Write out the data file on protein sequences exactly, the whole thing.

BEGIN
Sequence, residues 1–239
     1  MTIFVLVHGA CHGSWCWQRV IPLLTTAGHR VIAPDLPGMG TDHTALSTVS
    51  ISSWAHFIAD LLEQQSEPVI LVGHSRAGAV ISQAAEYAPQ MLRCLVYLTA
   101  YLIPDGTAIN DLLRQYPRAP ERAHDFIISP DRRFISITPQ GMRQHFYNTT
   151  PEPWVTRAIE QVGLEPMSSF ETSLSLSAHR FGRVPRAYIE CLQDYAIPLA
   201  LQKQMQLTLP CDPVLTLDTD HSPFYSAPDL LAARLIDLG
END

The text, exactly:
Sequence, residues 1–239
     1  MTIFVLVHGA CHGSWCWQRV IPLLTTAGHR VIAPDLPGMG TDHTALSTVS
    51  ISSWAHFIAD LLEQQSEPVI LVGHSRAGAV ISQAAEYAPQ MLRCLVYLTA
   101  YLIPDGTAIN DLLRQYPRAP ERAHDFIISP DRRFISITPQ GMRQHFYNTT
   151  PEPWVTRAIE QVGLEPMSSF ETSLSLSAHR FGRVPRAYIE CLQDYAIPLA
   201  LQKQMQLTLP CDPVLTLDTD HSPFYSAPDL LAARLIDLG